Microsoft Chuckles At Ballmer WWDC Rumor

some hard realities

Global Equities Research analyst Trip Chowdrey stirred up a hornet's nest of speculation Thursday by predicting that Microsoft CEO Steve Ballmer will join Apple CEO Steve Jobs onstage at next month's Apple Worldwide Developer Conference in San Francisco. No, really, he said that.

Chowdrey claims Apple has bequeathed seven minutes of WWDC stage time to Microsoft, which will reveal that Visual Studio 2010 will support native app development for the iPhone, iPad and Mac, as reported by Barron's.

But Microsoft, through its official Twitter feed, tossed cold water on this speculation and added a dash of sarcasm for good measure. "Steve Ballmer not speaking at [WWDC]. Nor appearing on Dancing with the Stars. Nor riding in the Belmont. Just FYI," Microsoft said in a Thursday tweet.

It's one of the more baffling rumors to arise in quite some time. Ballmer and Jobs onstage together at an Apple event? Ye gods, the chorus of catcalls from the Apple faithful would be deafening! The crowd at WWDC last year hissed like a cargo container full of cobras when it became apparent that the AT&T wouldn't support Wi-Fi tethering or multimedia messaging on the iPhone 3GS when it launched.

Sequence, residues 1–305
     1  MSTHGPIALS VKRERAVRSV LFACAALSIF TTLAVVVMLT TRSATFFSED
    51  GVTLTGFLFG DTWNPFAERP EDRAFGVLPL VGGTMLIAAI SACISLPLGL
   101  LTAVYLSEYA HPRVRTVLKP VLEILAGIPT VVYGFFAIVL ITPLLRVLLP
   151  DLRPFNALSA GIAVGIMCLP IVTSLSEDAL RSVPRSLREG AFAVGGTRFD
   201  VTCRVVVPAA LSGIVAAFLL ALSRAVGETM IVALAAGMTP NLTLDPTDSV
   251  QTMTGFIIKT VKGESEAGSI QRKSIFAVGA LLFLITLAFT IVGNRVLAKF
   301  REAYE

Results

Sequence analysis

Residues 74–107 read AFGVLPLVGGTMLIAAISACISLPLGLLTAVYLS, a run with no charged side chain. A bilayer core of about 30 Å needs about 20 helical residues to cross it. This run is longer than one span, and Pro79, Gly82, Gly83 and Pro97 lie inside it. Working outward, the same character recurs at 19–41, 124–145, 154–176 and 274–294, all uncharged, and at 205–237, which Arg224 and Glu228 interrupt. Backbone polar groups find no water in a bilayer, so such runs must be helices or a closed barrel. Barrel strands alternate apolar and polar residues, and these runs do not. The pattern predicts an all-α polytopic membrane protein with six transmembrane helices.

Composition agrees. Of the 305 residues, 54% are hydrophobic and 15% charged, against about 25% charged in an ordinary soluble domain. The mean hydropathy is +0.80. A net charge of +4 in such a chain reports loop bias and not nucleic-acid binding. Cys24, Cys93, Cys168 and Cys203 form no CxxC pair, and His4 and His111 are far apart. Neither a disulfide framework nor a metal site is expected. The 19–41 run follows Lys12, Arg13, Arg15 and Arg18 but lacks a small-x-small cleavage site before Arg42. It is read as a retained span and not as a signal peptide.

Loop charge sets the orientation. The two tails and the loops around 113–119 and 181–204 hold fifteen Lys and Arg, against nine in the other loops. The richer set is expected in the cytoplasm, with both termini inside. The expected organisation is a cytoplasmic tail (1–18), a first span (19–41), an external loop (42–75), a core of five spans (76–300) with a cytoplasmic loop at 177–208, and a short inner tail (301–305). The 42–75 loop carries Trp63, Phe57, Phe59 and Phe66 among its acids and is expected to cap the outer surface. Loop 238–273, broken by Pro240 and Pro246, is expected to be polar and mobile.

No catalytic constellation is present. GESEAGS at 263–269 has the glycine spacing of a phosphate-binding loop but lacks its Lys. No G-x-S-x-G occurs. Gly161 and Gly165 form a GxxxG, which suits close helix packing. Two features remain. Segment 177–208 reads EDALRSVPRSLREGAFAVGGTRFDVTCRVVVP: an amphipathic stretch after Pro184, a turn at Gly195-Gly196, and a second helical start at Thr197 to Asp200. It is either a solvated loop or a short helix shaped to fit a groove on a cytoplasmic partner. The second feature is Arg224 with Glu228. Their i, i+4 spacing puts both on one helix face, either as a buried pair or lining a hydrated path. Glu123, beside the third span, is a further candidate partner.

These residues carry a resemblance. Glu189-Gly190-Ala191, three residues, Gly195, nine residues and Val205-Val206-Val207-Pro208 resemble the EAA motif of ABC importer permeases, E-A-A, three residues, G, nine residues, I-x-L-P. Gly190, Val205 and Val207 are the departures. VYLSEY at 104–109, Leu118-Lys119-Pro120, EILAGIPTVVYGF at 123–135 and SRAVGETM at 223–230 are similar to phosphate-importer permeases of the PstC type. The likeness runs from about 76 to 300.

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What's next? Steve Jobs showing up at Microsoft's TechEd conference in New Orleans next month? Larry Ellison dropping by a cloud computing conference? BP showing up at a conference on environmental responsibility?

If Ballmer were to appear at WWDC, he'd be doing so at a very interesting time. In 2000, Apple's market cap was $15.6 billion and Microsoft's was $556 billion. But Wednesday, Apple surpassed Microsoft's market capitalization, $221 billion to $219.8 billion, taking over the title of world's most valuable tech company.

Microsoft's shares have been on the rise, too, but its fortunes have paled in comparison to Apple, whose shares have doubled over the past year.

However, Ballmer, at an appearance in New Delhi, India, was quick to point out that Microsoft is still more profitable than Apple. In the calendar first quarter of 2010, Microsoft's profit was around $4 billion while Apple's was roughly $3 billion.

"I will make more profits and certainly there is no technology company in the planet which is as profitable as we are," Ballmer said Thursday in a press conference with Microsoft India Chairman Ravi Venkatesan, as reported by The Wall Street Journal.